The short answer to your question is, "because C did it that way." C++
    was not about to redefine the usage. So why did C?

    For the case above, the reply is obvious, syntactic sugar. The better
    question is, why didn't C overload the . operator to work on either
    struct/union objects or on pointers? For that, you'd have to ask Dennis
    Ritchie. There probably is a good reason.



    Brian Rodenborn
    Default User, Jun 23, 2004
    #7
  8. raj

    Mike Wahler Guest

    "raj" <> wrote in message
    news:...
    > I used to remember why c++ needed both ?
    > Could somebody help me here ?
    >
    > For example
    >
    > class A{
    > f();
    > };
    >
    > A* aa;
    >
    > You could do either "aa->f()" or "(*aa).f()". So why does C++ need both

    operators.

    The -> operator is not technically necessary, it's just
    a 'shorthand' notation for (*).

    Use whichever you like, but keep in mind that ->
    is typically considered more 'idomatic' (i.e.
    most coders will recognize it, and often makes
    reading code faster.)

    -Mike
    Mike Wahler, Jun 23, 2004
    #8
  9. raj

    jeffc Guest

    "raj" <> wrote in message
    news:...
    > I used to remember why c++ needed both ?
    > Could somebody help me here ?
    >
    > For example
    >
    > class A{
    > f();
    > };
    >
    > A* aa;
    >
    > You could do either "aa->f()" or "(*aa).f()". So why does C++ need both

    operators.

    The second is pretty awkward, but anyway, what would you do with this?
    A aa;
    jeffc, Jun 23, 2004
    #9
  10. raj

    jeffc Guest

    "jeffc" <> wrote in message
    news:...
    >
    > The second is pretty awkward, but anyway, what would you do with this?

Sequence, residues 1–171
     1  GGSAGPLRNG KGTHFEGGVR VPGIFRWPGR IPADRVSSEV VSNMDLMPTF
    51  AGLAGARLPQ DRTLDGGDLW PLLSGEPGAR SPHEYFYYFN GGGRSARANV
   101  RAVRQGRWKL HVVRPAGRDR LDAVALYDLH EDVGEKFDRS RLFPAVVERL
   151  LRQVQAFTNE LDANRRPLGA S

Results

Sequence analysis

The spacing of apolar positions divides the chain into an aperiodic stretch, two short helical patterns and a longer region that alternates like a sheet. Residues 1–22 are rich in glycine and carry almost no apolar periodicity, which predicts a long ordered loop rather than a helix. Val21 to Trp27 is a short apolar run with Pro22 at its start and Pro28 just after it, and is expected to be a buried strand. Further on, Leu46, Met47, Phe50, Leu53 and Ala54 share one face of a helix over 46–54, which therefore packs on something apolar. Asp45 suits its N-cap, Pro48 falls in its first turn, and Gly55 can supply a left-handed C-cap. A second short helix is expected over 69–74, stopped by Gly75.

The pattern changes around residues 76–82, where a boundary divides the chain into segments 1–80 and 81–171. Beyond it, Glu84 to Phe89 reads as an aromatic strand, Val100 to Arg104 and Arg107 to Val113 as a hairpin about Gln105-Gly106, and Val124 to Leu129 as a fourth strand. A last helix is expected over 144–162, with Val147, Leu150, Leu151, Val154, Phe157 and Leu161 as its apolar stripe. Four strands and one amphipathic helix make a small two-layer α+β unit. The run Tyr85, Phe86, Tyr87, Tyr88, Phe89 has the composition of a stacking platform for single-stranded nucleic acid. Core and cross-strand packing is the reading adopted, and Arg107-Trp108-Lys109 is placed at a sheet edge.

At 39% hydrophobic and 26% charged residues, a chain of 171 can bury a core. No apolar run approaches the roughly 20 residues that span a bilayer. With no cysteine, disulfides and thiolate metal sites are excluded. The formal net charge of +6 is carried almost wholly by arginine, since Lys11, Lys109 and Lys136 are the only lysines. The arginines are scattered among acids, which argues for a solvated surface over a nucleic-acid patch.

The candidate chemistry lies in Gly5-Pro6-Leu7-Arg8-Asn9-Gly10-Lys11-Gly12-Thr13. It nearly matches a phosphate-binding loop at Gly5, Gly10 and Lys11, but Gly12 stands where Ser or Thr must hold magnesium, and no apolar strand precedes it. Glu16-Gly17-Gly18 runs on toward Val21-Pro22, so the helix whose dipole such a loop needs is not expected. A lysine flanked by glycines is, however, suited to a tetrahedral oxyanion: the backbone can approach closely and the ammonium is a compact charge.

> A aa;


    Never mind, didn't read your question quite right. You are not implying
    that we don't need ".".
    jeffc, Jun 23, 2004
    #10
  11. raj

    tom_usenet Guest

    On 23 Jun 2004 08:48:27 -0700, (raj) wrote:

    >I used to remember why c++ needed both ?
    >Could somebody help me here ?
    >
    >For example
    >
    >class A{
    > f();
    >};
    >
    > A* aa;
    >
    >You could do either "aa->f()" or "(*aa).f()". So why does C++ need both operators.


    You can separately overload operator-> and unary operator* for user
    defined types. That's the only difference really, but aa->f() is much
    nicer to read.

    Tom
    --
    C++ FAQ: http://www.parashift.com/c -faq-lite/
    C FAQ: http://www.eskimo.com/~scs/C-faq/top.html
    tom_usenet, Jun 23, 2004
    #11
  12. raj wrote:
    > ...
    > I used to remember why c++ needed both ?
    > Could somebody help me here ?
    >
    > For example
    >
    > class A{
    > f();
    > };
    >
    > A* aa;
    >
    > You could do either "aa->f()" or "(*aa).f()". So why does C++ need both operators.
    > ...